“Many a small thing has been made large
by the right kind of advertising.” Mark Twain (1835 – 1910)
Unless you live in a “perfect” climate where it never rains and the wind never blows, don’t use flimsy paper signs. They will soak up the rain and be difficult to read, or they will be blown over. Soggy signs won’t do you any good!
If you don’t want to spend a dime on garage sale signs, cardboard from an empty box is better than paper, or unused poster board from your unfinished art project. Just remember, both of these materials are still susceptible to damage from weather conditions, including humidity.
The best sign material for your garage sale signs is corrugated plastic sheets. Many real estate agents use this type of material today (often made by Coroplast®) because it is so durable. Unfortunately, corrugated plastic garage sale signs can cost more than $25 each for an 18″ X 24″ sign at your local sign company. Ouch!
The good news is that you can find corrugated plastic garage sale signs online for less than $5.00 each. For a small investment (so small it’s almost silly to call it an investment), your garage sale or yard sale will have more traffic and better results.
When it comes to garage sale signs, size matters. Millions of real estate agents can’t be wrong and they most often use 18″ X 24″ signs. Someone put a lot of money into research and determined that this size sign can actually be seen, even if you are across two lanes of traffic.
If you do decide to use corrugated cardboard or regular paper (cringe), make your signs at least 11″ X 17″, the size of two standard letter-sized pieces of paper put together. People need to be able to see and read your signs.
NOTE: Check with your local authorities to see if they have size restrictions for garage sale signs, yard sale signs, etc. Some communities (my community, for example) restrict the size to 18″ X 24″, allowing for standard real estate signs but nothing larger.
That depends on where you are located. Try to hit every intersection near where you live so more people will find you.
For major intersections, try to post a sign at each corner to ensure the most traffic. Remember the bread crumb trail? Lead people to your location and your garage sale or yard sale will be a bigger success.
NOTE: Remember to check with your local authorities to see if they have restrictions on signs. Many communities are quite lenient when it comes to garage sale signs, but you need to take them down after your garage sale or that leniency may disappear.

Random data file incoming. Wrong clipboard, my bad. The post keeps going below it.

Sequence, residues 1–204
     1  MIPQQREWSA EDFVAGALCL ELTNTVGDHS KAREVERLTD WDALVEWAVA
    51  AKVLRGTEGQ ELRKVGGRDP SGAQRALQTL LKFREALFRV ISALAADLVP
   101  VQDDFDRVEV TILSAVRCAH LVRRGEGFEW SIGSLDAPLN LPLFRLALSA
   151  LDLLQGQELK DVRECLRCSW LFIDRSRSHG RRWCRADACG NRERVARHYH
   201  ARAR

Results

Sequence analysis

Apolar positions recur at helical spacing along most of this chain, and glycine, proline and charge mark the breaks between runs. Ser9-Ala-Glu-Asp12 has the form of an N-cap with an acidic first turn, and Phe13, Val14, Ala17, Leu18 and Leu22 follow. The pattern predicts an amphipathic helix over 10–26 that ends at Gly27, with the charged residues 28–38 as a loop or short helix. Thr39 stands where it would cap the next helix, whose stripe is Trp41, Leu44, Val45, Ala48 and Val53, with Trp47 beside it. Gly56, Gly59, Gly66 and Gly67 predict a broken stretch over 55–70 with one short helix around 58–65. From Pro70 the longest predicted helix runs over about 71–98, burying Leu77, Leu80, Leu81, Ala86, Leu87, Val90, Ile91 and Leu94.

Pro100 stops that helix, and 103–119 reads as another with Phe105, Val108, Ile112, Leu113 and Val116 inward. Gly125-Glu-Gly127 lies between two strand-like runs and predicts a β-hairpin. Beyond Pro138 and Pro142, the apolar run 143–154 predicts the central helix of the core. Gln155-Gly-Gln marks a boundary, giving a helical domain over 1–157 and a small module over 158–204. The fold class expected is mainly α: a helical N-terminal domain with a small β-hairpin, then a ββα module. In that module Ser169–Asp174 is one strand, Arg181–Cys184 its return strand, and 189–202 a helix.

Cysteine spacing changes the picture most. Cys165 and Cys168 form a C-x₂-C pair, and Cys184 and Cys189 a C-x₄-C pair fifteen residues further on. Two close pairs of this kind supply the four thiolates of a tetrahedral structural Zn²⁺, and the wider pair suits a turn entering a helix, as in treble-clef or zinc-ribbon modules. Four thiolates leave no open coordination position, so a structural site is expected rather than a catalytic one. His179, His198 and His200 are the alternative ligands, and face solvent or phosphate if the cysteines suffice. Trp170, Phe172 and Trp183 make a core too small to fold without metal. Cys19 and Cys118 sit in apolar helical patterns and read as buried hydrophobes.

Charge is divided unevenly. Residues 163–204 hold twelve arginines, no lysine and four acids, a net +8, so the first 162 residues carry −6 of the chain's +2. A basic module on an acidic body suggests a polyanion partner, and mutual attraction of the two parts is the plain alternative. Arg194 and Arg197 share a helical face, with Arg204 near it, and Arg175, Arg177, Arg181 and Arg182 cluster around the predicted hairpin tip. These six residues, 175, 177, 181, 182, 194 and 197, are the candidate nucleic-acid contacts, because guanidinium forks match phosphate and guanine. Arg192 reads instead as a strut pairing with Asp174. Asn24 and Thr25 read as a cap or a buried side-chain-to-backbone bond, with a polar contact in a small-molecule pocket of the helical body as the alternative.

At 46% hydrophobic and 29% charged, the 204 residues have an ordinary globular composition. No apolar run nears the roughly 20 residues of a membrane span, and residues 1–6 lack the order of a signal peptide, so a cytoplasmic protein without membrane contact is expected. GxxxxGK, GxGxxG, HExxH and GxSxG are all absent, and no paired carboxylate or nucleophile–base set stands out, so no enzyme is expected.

When you are making or ordering your garage sale signs, you are not trying to win an art contest. You want people to come to your garage sale. Consequently, you should limit your fonts or print type to common, easy-to-read text and include the following, critical information:
When printing your signs or having them printed, be sure the “What?” part is in large, bold letters at the top with lines that are 1/2″ to 3/4″ thick. If you use thin letters, people won’t be able to read your sign.
When printing the “When?” part, don’t use a specific date if you want to be able to re-use your signs in the future. Abbreviate the days (SAT, SUN, etc.) to save space.
When printing the “Where?” part, use your street address (123 Any Street) or the name of your building (Mt. View Grange) to help people find you. It’s also a good idea to use arrows pointing in the direction of your location. Use a contrasting color like red.
Place your signs at as many intersections leading to your location as possible. If you have arrows on your signs (which you should), be sure they point to your location.
If you have long roads or streets leading to you, place signs along the way with arrows pointing up so people will keep driving straight ahead in your direction. Remember to check with your local authorities to see if they have restrictions on the placement of garage sale signs, and don’t put your signs on someone’s private property unless you have their permission.
Mount your signs on sturdy wooden stakes or low-profile metal sign holders, usually available where you buy your garage sale signs. If you attach your signs to a wooden stake with screws, use galvanized or stainless steel screws to keep the rust (steel does rust!) from ruining your reusable signs.
NOTE: Just because someone else mounts their garage sale signs to telephone poles doesn’t mean it’s OK. Some communities or utility companies prohibit this activity. Better to be safe than sorry.
If you mount your signs the night before your sale, expect to have people driving by your location that night or really early in the morning. Garage sale and yard sale junkies are a unique breed. They want to be up and moving at first light for an early kill.
If you don’t want late or early on-lookers, place your signs in the morning before your sale begins. If you don’t mind a little early traffic, place your signs one or more days in advance.
Good planning will make this part easy. Before placing your signs, make a map or a list of where you plan to place your signs. You can also do this as you are installing them.
When your garage sale is over, just follow the map or your list and remove your signs. Be a good citizen and a good neighbor. If you use quality signs you will also be able to store and use them for a future sale.
After completing your successful garage sale or yard sale, you should store the things you are going to keep in an organized manner. For a great selection of helpful garage organization tools, check out the Stacks and Stacks website where you will find a wide variety of shelves, cabinets and other helpful garage-related items.